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Tuesday, 11 February 2014 12:42cat

Property owner Wanted to Save Rhode Island’s Tallest Building

Written by  TheStructuralEngineer.info
Property owner Wanted to Save Rhode Island’s Tallest Building The Superman Building in downtown Providence, RI. (Photo by: Jeff Nickerson)

The owner of Rhode Island’s tallest building renewed his effort on Monday to gain support for a public private partnership that would convert the vacant office building into apartments. 111 Westminster Street, formerly the Bank of America Building and commonly referred to as the Superman Building, has been empty since Bank of America removed the last of its employees from the building on April 7, 2013. High Rock Development bought the building for $33.2 million in 2008, and they invested an additional $6 million into the building. This investment quickly began to lose money due to the real estate market meltdown, and the company had to write off $24 million of its own investment.

David Sweetser, principal at High Rock Development, would like to save the building from further deterioration by converting the office space into 278 apartments. While this plan failed to gain approval nearly a year ago, Sweetser believes the building is too important to let sit abandoned. The $115 million proposal needed $75 million in public financing in addition to the $21 million in federal historic tax credits it would receive. The Rhode Island 2013 General Assembly did not provide enough aid in the budget to allow Sweetser to begin the project.

Now, High Rock Development is willing to enter into a public-private partnership, and they will guarantee a completed rebuilding project. Sweetser has brought on lobbyists and public relations professionals to help sell his plan to the city and state. He is no longer asking for specific amounts of money from the government, and he is also willing to repurpose the building to something other than a residential building. Cornish Associates is currently studying other potential uses for the building including converting it to a mix-used facility, and the company is helping the project gain support from city residents.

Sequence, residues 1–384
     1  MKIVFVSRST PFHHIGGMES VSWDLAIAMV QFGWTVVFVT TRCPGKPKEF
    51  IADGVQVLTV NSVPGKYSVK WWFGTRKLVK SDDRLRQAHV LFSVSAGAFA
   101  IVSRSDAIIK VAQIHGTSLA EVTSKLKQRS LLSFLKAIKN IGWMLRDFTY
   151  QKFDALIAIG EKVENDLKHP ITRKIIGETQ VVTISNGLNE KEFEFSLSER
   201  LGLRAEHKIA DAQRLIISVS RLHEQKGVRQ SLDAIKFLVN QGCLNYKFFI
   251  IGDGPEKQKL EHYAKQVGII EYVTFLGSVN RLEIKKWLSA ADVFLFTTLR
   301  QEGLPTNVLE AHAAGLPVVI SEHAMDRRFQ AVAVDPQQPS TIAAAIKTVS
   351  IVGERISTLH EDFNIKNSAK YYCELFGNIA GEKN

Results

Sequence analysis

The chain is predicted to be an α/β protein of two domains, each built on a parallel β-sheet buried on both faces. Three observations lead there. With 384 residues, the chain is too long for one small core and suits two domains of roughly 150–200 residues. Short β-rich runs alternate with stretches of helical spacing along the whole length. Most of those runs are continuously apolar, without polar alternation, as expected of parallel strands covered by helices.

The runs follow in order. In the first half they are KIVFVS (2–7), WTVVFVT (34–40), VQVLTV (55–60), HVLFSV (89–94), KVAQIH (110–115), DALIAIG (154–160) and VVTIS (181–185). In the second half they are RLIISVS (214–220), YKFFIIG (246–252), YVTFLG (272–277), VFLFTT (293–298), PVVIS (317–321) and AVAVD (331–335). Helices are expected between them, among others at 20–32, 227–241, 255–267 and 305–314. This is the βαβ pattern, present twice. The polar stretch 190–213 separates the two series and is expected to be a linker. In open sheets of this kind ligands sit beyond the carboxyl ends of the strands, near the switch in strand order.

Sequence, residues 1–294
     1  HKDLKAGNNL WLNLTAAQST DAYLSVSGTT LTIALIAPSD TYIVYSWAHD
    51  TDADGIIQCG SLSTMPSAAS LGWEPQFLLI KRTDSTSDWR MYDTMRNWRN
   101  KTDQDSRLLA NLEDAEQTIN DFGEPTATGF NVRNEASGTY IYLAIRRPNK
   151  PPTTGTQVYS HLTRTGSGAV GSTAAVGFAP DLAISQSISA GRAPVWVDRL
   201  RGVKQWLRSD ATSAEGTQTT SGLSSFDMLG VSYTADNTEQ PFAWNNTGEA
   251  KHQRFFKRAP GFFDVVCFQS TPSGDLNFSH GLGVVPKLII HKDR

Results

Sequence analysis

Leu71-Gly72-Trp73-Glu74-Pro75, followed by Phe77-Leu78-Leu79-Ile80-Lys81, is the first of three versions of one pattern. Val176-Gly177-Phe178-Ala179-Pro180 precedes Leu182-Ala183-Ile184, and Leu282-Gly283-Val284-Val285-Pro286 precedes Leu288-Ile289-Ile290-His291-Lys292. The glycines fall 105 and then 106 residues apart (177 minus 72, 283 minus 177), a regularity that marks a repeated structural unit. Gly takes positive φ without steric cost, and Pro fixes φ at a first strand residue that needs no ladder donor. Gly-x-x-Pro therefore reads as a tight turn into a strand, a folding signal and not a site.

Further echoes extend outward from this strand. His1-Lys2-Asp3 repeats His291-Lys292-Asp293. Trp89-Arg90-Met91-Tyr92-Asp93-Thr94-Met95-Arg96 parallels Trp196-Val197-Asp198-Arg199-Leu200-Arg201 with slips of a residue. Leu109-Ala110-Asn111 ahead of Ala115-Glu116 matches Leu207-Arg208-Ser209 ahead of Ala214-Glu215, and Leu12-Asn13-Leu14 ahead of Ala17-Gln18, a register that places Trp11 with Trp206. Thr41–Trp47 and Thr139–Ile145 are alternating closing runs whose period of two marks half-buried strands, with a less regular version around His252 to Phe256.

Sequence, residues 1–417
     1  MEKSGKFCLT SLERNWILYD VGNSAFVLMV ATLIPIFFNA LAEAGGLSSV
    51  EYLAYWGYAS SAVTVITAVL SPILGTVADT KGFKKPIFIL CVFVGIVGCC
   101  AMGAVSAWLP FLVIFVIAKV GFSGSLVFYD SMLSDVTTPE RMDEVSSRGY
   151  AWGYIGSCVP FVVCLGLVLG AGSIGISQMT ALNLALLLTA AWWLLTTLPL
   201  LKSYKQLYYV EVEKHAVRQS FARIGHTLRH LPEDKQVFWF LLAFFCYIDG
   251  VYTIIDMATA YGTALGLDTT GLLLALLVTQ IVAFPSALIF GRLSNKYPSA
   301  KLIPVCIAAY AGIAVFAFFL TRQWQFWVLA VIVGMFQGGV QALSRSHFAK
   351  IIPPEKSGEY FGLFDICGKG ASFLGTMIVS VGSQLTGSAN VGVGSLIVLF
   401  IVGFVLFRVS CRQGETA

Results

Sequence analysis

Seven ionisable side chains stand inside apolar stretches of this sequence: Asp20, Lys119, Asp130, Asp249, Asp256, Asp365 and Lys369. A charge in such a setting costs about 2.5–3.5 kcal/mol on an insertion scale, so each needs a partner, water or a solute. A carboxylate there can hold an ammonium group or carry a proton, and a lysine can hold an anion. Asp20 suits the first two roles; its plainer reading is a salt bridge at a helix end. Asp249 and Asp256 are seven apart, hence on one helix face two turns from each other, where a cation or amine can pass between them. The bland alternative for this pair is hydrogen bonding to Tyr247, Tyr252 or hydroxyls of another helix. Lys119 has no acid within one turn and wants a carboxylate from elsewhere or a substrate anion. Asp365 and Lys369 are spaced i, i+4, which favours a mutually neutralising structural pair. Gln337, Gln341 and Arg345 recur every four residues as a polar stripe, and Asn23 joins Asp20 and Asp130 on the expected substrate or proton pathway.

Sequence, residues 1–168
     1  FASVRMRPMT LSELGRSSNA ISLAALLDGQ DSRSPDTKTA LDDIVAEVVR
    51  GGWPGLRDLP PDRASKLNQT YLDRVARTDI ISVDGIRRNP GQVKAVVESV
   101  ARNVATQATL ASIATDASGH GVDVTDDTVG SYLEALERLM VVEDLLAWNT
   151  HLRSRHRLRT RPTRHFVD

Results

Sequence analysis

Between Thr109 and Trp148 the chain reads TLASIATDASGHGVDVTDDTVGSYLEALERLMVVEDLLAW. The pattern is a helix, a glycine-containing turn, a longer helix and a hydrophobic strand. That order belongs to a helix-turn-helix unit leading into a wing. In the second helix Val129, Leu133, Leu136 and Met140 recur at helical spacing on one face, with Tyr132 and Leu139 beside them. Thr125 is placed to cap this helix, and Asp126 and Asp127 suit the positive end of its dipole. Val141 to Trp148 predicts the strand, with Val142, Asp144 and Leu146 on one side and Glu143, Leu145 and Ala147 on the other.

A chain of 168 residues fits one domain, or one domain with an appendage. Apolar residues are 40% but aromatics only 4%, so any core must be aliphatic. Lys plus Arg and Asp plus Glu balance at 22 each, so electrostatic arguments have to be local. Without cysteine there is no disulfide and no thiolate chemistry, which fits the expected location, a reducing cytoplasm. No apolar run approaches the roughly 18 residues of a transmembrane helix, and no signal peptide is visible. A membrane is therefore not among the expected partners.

The 428-foot, 26-floor Superman Building was completed in 1928. The building was designed in the Art Deco style, and has remained relatively unchanged since its completion. The lantern on top of the building peak is lit a bright blue color from sundown to midnight each night, but that stopped after Bank of America left the building. The building received its nickname due to its resemblance to the Daily Planet used in the Superman comic, and it has stuck ever since. High Rock Development would like to convince people that the project to save the deteriorating building would spur the city’s economy by creating jobs and save an iconic building. Rhode Island Speaker of the House, Gordon Fox recognizes the building’s importance, but he said that last year’s plan was just too expensive and any new financial proposals would need to go through the normal legislative process.

Sources: Providence JournalBoston.com

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